High-Profile Cases Highlight Need for Judicial Reform
On October 22, 2014, Baghdad’s Central Criminal Court sentenced Rasha al-Husseini, a secretary to former Vice President Tariq al-Hashimi, to death on terrorism charges. The court’s judgment appears to be based entirely on al-Husseini’s confession. Her lawyers allege that security forces psychologically and physically tortured her. On November 23, the same court sentenced Ahmed al-Alwani, a former parliament member, to death on murder charges. Family members told Human Rights Watch they saw torture marks on him before his trial.
“Iraq’s judiciary is still handing down convictions in politicized trials, fraught with legal irregularities,” said Joe Stork, deputy Middle East and North Africa director. “Despite promises of reform, the government is sitting idly by while Iraq’s terribly flawed justice system sentences people to death on little or no evidence.”
Security forces arrested al-Husseini and about a dozen other Hashimi staff members in late December 2011. In March 2012, Human Rights Watch reported evidence that several of them had been tortured. One, a bodyguard named Amir Sarbut Zaidan al-Batawi, died about three months after his arrest. His body displayed signs of torture, including in several sensitive areas. The government denied the torture allegations and did not investigate.
Al-Husseini’s family told Human Rights Watch that they had complained to the office of Iraq’s president and prime minister about irregularities in her case, including allegations that to force her confession, security forces at the Intelligence Directorate in the Baladiyat neighborhood of Baghdad tortured her with electric shocks, beat her, suspended her from the ceiling, and threatened to rape her, her sisters, and her mother. Rather than investigate the allegations, both offices told the family that the legal system would take care of the case, the family members said. Al-Husseini is in the Kadhimiyya detention facility, awaiting transfer to death row.
Family members said they were only able to visit al-Husseini in detention after paying US$500 to security officers at each visit. Lawyers representing al-Husseini told Human Rights Watch that she told them security officers promised her that if she fabricated information about the former vice president’s alleged terrorist activities, they would release her.
The Iraqi government should investigate the allegations that security forces tortured al-Husseini to coerce her confession, hold accountable security forces suspected of torture, and order a retrial for al-Husseini if such abuses are found, Human Rights Watch said.
On November 25, 2014, the Inter-Parliamentary Union (IPU), the international organization of parliaments, released a report calling on Iraqi authorities to provide information on the al-Alwani case and on al-Alwani’s current whereabouts, which the government has not revealed. The report expressed doubt about whether his trial complied with basic due process requirements and fair trial guarantees given the lack of available information on the proceedings. A lawyer for al-Alwani told Human Rights Watch that he was not permitted to see al-Alwani until after security forces had already interrogated him, but would not provide any other details on his detention, interrogation, or trial.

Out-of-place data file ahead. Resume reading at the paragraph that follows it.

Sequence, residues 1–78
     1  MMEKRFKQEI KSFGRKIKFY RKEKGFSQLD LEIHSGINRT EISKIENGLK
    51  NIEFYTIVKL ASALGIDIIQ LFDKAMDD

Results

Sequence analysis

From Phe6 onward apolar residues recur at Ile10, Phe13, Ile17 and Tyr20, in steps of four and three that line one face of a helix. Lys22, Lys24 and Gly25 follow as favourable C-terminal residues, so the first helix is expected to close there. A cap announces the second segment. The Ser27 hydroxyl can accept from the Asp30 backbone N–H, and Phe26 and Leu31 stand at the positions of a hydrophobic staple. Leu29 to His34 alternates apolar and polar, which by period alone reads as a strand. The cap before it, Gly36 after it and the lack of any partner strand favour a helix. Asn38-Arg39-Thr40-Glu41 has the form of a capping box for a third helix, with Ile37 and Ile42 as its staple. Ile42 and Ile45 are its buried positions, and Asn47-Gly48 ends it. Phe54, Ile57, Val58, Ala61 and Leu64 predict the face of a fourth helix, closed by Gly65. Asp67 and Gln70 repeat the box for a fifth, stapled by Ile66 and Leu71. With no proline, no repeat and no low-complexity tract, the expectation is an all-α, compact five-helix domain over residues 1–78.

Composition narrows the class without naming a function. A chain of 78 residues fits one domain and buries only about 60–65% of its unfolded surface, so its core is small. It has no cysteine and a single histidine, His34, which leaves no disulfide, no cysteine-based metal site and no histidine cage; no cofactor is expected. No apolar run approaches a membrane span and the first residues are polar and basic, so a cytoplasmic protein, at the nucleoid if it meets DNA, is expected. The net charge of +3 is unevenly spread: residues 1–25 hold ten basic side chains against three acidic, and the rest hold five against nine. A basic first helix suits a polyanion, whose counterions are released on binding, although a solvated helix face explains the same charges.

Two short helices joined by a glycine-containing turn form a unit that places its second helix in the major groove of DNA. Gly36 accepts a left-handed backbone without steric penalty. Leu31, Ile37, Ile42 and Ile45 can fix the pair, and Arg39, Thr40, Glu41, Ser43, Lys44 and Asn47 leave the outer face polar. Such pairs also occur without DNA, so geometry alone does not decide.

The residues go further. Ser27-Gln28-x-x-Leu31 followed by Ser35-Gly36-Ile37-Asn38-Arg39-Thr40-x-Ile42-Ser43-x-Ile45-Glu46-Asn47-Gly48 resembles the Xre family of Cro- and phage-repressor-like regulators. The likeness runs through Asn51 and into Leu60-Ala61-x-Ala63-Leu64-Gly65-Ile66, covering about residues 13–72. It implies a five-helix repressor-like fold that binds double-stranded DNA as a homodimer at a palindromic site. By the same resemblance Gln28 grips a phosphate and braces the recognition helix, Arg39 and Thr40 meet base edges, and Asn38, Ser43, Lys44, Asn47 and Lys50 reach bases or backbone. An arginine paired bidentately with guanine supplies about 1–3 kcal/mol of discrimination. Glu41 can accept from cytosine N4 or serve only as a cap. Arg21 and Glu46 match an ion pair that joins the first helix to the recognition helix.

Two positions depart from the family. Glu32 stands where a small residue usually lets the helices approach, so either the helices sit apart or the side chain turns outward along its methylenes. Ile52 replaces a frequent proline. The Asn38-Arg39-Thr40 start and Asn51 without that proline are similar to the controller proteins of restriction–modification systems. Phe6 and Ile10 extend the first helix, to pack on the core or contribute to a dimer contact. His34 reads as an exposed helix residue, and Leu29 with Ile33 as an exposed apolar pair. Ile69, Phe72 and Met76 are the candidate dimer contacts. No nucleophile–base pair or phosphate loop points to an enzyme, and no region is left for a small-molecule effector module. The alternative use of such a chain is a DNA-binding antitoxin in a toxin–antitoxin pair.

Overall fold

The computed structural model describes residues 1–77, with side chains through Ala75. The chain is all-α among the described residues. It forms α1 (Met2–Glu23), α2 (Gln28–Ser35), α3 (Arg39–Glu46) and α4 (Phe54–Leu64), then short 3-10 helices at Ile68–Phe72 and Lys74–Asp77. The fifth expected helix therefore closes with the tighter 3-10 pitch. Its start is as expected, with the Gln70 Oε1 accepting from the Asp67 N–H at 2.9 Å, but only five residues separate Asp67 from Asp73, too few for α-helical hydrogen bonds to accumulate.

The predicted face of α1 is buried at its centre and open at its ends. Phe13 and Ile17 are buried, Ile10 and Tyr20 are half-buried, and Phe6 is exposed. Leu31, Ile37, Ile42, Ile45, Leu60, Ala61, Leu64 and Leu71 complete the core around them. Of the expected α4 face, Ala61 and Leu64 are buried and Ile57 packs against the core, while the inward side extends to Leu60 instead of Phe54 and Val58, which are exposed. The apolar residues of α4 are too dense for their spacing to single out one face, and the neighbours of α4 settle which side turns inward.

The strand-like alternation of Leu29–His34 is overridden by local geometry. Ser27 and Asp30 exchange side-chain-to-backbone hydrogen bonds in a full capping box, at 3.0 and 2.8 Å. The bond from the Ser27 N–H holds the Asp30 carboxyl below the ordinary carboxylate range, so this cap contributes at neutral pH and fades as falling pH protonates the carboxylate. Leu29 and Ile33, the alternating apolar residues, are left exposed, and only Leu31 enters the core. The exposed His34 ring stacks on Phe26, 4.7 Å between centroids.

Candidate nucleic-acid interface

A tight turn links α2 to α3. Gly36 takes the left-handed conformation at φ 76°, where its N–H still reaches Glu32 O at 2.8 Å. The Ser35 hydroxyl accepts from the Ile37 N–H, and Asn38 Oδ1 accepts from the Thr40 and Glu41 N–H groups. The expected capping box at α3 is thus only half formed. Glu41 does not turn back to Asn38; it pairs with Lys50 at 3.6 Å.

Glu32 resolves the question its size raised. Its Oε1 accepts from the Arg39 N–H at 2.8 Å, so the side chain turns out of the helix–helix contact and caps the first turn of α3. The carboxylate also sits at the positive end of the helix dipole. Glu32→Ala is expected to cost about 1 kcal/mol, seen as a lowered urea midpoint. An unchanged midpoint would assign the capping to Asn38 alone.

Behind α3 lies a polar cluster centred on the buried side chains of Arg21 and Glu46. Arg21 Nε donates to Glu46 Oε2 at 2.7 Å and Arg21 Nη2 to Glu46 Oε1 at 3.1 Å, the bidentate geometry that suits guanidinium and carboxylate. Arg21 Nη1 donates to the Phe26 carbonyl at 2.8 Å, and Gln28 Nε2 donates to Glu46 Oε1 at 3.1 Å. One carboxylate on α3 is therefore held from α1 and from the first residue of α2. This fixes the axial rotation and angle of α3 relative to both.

Al-Alwani was charged with murder after security forces stormed his Ramadi compound on December 28, 2013, and fired on him and his family. Security forces alleged that al-Alwani forfeited his parliamentary immunity by firing back at them, killing two soldiers. Al-Alwani denied the charges.
Relatives told Human Rights Watch that security forces required bribes to allow them to visit al-Alwani at the Muthanna Airport Prison by the Counter-Terrorism Service, where he was held. During their visit they saw torture marks on his body, they said. Security forces killed al-Alwani’s brother and five of his bodyguards during the raid. There has been no investigation into the killings or into allegations that security forces tortured al-Alwani, relatives said.
Iraq’s new prime minister, Hayder al-Abadi, has announced reforms aimed at curbing security force abuses and promised to incorporate the Sunni minority into the fight against the Islamic State (also known as ISIS). Sunnis have long complained that security forces and the judiciary unfairly target them for abuse.
In a December 9, 2014 interview, Human Rights Minister Mohamed al-Bayati defended Iraq’s use of the death penalty in alleged terrorism cases despite the serious fair trial deficiencies Human Rights Watch documented. They include death penalty cases in which the conviction was based on confessions obtained through torture and secret informant testimony.
International human rights law requires that where the death penalty has not been abolished, it should be imposed only for the most serious crimes and after scrupulous adherence to international fair trial standards. Trials in Iraq often violate these minimum guarantees, Human Rights Watch said.
Human Rights Watch opposes capital punishment in all circumstances because of its cruelty and finality, and the fact that trials resulting in death sentences are plagued with arbitrariness, prejudice, and error.
The Iraqi government should order a stay on the executions of al-Husseini and al-Alwani until their allegations of abuse during interrogations have been fully investigated.
“Prime Minister Abadi has promised reform, a positive move,” Stork said. “But he needs to address the widespread abuses and irregularities in a judicial system that routinely fails to address allegations of torture and fair trial violations.”